[Source: US National Library of Medicine, full page: (LINK). Abstract, edited.]
Avian Dis. 2019 Jan 18;63(2):366-370. doi: 10.1637/11950-081418-ResNote.1.
Clade 184.108.40.206 H5 North American Highly Pathogenic Avian Influenza Viruses Infect, but Do Not Cause Clinical Signs in, American Black Ducks (Anas rubripes).
Spackman E1, Prosser DJ2, Pantin-Jackwood M3, Stephens CB3, Berlin AM2.
Author information: 1 Southeast Poultry Research Laboratory, United States National Poultry Research Center, United States Department of Agriculture, Agricultural Research Service, Athens, GA 30605, email@example.com. 2 Patuxent Wildlife Research Center, United States Geological Survey, Laurel, MD 20708. 3 Southeast Poultry Research Laboratory, United States National Poultry Research Center, United States Department of Agriculture, Agricultural Research Service, Athens, GA 30605.
Abstract in English, Spanish
Highly pathogenic avian influenza virus (HPAIV) from the goose/Guangdong/1996 clade 220.127.116.11 H5 lineage spread from Asia into North America in 2014, most likely by wild bird migrations. Although several variants of the virus were detected, H5N8 and H5N2 were the most widespread in North American wild birds and domestic poultry. In early 2015, the H5N2 virus spread through commercial poultry in the Midwest, and >50 million chickens and turkeys died or had to be culled. Related H5 HPAIVs are still endemic in much of the Eastern Hemisphere. The wild bird species that were involved with dissemination of the virus in North America are not known. Dabbling ducks, especially mallards (Anas platyrhynchos), typically have the highest detection rates for avian influenza viruses. To better characterize the wild avian species that could spread the virus, American black ducks (Anas rubripes), which are closely related to mallards, were challenged with the North American H5N2 and H5N8 index HPAIV isolates: A/Northern Pintail/WA/40964/2014 H5N2 and A/Gyrfalcon/WA/41088/2014 H5N8. Although the American black ducks could be infected with low doses of both isolates (≤102 50% egg infective doses), ducks shed the H5N2 longer than the H5N8 (10 vs. 7 days) and the titers of virus shed were higher. Although there were too few ducks available on which to draw definitive conclusions, this suggests that American black ducks could serve as a more efficient reservoir for the H5N2 virus than the H5N8 virus.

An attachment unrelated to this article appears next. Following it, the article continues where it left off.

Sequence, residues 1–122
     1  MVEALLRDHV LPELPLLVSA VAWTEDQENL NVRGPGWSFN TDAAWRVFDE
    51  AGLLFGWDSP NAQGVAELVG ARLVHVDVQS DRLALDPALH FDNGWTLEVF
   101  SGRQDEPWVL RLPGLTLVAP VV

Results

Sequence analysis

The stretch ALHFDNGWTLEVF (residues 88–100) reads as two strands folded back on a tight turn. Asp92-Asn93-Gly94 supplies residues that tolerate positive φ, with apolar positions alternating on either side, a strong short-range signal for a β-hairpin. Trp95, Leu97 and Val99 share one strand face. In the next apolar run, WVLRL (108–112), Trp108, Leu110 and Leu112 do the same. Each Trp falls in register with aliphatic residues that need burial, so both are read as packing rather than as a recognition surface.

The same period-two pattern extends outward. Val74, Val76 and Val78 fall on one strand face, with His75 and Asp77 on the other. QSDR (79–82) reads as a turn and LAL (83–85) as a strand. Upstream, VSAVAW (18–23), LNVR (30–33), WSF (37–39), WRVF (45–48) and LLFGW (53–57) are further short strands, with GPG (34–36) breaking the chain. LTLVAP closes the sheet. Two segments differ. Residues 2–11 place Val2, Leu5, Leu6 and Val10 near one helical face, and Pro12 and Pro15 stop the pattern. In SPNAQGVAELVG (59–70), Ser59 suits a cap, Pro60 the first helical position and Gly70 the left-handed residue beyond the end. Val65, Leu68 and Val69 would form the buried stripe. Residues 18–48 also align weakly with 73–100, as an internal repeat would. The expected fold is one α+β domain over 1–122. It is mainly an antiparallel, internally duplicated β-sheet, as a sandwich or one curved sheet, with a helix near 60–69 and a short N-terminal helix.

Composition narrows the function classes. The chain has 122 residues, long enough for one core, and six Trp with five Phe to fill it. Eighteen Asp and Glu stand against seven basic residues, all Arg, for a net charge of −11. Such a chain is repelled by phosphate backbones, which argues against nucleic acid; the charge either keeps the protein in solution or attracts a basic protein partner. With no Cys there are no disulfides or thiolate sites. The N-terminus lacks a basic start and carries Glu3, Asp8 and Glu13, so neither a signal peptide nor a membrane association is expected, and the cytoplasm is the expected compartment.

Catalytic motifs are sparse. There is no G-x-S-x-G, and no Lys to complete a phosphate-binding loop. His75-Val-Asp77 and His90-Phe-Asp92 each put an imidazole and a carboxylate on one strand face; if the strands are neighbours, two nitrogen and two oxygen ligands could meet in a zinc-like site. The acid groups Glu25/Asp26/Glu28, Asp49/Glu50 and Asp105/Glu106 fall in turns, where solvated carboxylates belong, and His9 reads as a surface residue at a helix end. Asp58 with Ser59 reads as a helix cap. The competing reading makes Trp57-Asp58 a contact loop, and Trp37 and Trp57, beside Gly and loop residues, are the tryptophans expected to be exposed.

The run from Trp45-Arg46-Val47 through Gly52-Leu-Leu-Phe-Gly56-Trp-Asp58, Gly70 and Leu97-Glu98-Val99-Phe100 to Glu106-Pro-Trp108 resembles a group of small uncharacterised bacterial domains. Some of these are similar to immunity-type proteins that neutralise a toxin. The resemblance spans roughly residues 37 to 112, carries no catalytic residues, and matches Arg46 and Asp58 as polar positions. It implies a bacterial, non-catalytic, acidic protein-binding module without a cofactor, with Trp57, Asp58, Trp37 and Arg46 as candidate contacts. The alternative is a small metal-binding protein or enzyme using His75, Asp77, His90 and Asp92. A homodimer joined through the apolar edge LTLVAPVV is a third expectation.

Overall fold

KEYWORDS: H5 influenza; avian virus; duck virus; highly pathogenic avian influenza virus
PMID: 31251539 DOI: 10.1637/11950-081418-ResNote.1
Keywords: Avian Influenza; H5N2; H5N8; Reassortant strain; Wild Birds; USA.